General Discussion Triathlon Talk » Dieting.and training Rss Feed  
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2012-08-13 7:51 AM

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Subject: Dieting.and training
We all know the importance of diet and exercise but I've concluded after many years that dieting while training is damn near impossible for me. I'm not talking exercising a little while dieting, I'm talking about 3k yds in the pool, running 5 miles a day and biking 50 miles a week. What is your experience?


2012-08-13 8:04 AM
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Subject: RE: Dieting.and training
I think you're struggling with a change over too short of a time period. Plan to lose about 1/2-1 lbs per week. You will need to balance your caloric intake with energy expenditure, so you need good control over both. Also, you need to have a good balance of carbs, proteins and good fats. It's very common that a diet cuts one of those 3, but you do need all of them to train and recover properly...
2012-08-13 8:11 AM
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Subject: RE: Dieting.and training

Rogillio - 2012-08-13 7:51 AM We all know the importance of diet and exercise but I've concluded after many years that dieting while training is damn near impossible for me. I'm not talking exercising a little while dieting, I'm talking about 3k yds in the pool, running 5 miles a day and biking 50 miles a week. What is your experience?

I'm finding the same thing Mike.  I starting eating better about 5 months ago.  Cutting out processed foods.  Trying to stick to a more natural diet.  During that time I was "training" but really not following a plan.  Just getting out and running some.  An occasional bike and did not even know where my swim gear was.  I lost 17 pounds in that time.  2 months ago, started a real training plan for Austin 70.3 and in those 2 months I have been playing with the same 2-3 pounds up and down.

Considering I was gaining at an alarming rate, I am not disappointed.  My clothes fit better and I feel better, but I agree that training and weightloss are not mutally inclusive.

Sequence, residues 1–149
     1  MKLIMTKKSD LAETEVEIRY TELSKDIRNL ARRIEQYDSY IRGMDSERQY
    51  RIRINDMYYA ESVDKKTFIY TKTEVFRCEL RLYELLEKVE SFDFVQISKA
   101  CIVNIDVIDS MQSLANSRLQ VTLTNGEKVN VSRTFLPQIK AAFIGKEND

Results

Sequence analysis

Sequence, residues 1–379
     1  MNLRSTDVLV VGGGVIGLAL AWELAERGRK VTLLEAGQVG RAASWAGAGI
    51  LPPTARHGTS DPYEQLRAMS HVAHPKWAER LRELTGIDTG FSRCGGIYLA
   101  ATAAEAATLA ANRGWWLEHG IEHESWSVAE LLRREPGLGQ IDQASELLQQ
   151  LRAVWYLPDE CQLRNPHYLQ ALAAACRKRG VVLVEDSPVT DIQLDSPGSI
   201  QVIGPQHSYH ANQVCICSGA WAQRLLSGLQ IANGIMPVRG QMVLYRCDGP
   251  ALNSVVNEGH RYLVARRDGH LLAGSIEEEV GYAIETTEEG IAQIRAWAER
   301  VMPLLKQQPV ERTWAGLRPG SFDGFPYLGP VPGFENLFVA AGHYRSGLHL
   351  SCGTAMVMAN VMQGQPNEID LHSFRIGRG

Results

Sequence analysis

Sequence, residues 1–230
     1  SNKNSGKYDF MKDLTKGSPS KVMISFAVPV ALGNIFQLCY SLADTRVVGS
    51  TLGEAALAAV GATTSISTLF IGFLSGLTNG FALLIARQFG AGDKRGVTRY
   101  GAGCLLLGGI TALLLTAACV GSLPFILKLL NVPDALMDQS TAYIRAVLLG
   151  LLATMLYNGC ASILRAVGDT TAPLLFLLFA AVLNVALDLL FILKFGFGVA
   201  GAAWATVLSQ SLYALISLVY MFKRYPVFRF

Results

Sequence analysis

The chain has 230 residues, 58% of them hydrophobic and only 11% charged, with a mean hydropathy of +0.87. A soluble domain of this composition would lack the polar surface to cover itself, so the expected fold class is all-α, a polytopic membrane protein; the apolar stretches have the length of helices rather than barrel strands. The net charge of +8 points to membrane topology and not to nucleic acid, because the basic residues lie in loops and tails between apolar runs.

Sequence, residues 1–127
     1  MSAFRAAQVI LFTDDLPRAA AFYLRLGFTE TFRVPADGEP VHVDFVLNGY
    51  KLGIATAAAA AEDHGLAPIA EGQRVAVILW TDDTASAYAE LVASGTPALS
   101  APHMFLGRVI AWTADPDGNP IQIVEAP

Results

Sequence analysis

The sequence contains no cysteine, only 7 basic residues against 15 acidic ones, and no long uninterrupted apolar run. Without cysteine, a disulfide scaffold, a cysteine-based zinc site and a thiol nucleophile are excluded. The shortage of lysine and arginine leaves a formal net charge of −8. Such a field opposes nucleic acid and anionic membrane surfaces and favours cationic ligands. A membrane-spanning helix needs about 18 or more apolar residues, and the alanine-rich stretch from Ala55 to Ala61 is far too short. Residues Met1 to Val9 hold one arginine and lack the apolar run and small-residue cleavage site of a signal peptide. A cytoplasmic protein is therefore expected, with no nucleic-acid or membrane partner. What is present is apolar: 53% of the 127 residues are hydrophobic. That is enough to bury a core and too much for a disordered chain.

Edited by dodgersmom 2012-08-13 8:12 AM
2012-08-13 8:15 AM
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Subject: RE: Dieting.and training

Rogillio - 2012-08-13 7:51 AM We all know the importance of diet and exercise but I've concluded after many years that dieting while training is damn near impossible for me. I'm not talking exercising a little while dieting, I'm talking about 3k yds in the pool, running 5 miles a day and biking 50 miles a week. What is your experience?

 

I have found that any weight I want to lose needs to be done during the winter. Once I get to Spring and start my HIM training plan I don't want to try and lose any weight. I want to be at my race weight and able to push hard during training and to eat to support that training. I have tried the weight loss during the season and it just doesn't work for me.

2012-08-13 9:09 AM
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Subject: RE: Dieting.and training
I found it easy to do both until I got serious about getting any kind of serious improvement from training.  I'm reading the book Racing Weight right now, and getting ready to implement some of it's philosophy.  Priority should be training IMO, not weight loss.  The book is along those lines as well.  I think if you clean up your diet with more natural foods and fuel workouts during the workouts as opposed to eating extra during the day, weight loss will just happen.
2012-08-13 9:15 AM
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Subject: RE: Dieting.and training
I agree with the experiences above- can lose weight when I'm not really training seriously.  I think diet and exercise go together but not diet (for weight loss) and training.


2012-08-13 10:10 AM
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Subject: RE: Dieting.and training
I have not found this to be the case. I lose the weight while training much easier than when not. I've found running to be the easiest way to take it off. Swimming seems to be the hardest, probably because I'm hungriest after a swim. I've noticed that I'll eat more food due to lack of energy as my training ramps up. The lack of energy is often due to needing more sleep instead of needing more food though.
2012-08-13 10:21 AM
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Subject: RE: Dieting.and training